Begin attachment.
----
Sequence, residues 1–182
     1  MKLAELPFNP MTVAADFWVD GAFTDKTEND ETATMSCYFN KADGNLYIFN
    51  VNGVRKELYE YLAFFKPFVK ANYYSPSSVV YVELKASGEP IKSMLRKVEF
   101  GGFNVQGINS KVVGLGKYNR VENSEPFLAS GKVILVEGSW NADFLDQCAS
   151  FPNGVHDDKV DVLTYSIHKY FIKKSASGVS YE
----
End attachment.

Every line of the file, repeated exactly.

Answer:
Sequence, residues 1–182
     1  MKLAELPFNP MTVAADFWVD GAFTDKTEND ETATMSCYFN KADGNLYIFN
    51  VNGVRKELYE YLAFFKPFVK ANYYSPSSVV YVELKASGEP IKSMLRKVEF
   101  GGFNVQGINS KVVGLGKYNR VENSEPFLAS GKVILVEGSW NADFLDQCAS
   151  FPNGVHDDKV DVLTYSIHKY FIKKSASGVS YE